Posted by: gschloesser | August 2, 2011


Design by:  Card de Visser and Jarratt Gray
Published by:  Z-Man Games
– 5 Players, 90 minutes
Review by:  Greg J. Schloesser 

I first played this Carl de Visser and Jarratt Gray design a few years ago at the Spiel in Essen.  The game had not yet been published, and I recall having a few issues with the game that prevented me from enjoying it.  However, due to the passage of time, I cannot recall what those issues were.  The passage of time since I played had a bright side – I forgot what I didn’t care for about the game and desired to play it again.  Much to my pleasure, I enjoyed the published version considerably more, and am happy to continue playing it. 

While the game has the theme of nations expanding their empires across the globe, in reality the game is quite abstract.  The rules attempt to set the atmosphere by spinning tales of advancing one’s civilization in the areas of culture, finance, industry and politics, while controlling vital trade routes between worldwide cities.  In reality, however, the flavor is mostly absent, as players are simply placing tokens and collecting cardboard chits, tracking their collection on their player boards.  The buildings players purchase simply enhance this collection process or allow a player to be more aggressive militarily.  Sadly, while the game paints an intriguing thematic picture, in reality the theme is little more than a ghostly presence.  That being said, the game itself is quite engaging and challenging.  There are numerous options and decisions to be made each turn, and a wary eye must be kept on one’s opponents.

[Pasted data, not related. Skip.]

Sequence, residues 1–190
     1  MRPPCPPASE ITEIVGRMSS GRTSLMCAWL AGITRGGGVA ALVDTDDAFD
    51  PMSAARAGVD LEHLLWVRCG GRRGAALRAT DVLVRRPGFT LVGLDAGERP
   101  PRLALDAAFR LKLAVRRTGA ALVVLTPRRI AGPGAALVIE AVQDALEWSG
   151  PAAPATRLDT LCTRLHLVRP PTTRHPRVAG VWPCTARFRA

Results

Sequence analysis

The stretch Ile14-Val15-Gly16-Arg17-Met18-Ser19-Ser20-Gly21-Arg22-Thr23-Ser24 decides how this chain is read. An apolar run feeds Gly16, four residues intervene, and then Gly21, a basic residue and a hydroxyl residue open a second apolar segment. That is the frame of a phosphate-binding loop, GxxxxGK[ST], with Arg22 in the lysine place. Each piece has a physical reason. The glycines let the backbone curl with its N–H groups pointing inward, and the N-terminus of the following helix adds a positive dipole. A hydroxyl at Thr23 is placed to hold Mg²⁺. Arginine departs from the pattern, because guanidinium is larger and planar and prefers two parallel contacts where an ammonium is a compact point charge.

The board depicts portions of seven continents and world regions, with most regions having 2 – 5 land spaces and 6 – 8 sea spaces onto which players will place their control tokens.  The starting region of Europe and Northern Africa contains ten city spaces, but no sea spaces as the land has already been discovered and inhabited.  Routes connect cities to one or more other cities, and controlling the two cities on either end of a route allows the player to also claim the trade token located along that route. Each space on the map receives a trade token, and it is these tokens that the players will be collecting.  Most trade tokens depict a symbol representing the four advances listed above, but there is also a selection of special tokens that can be used when needed to obtain extra advances or take special or additional actions.  In addition to the spaces for these tokens, each region also has space for a unique six-card asset deck.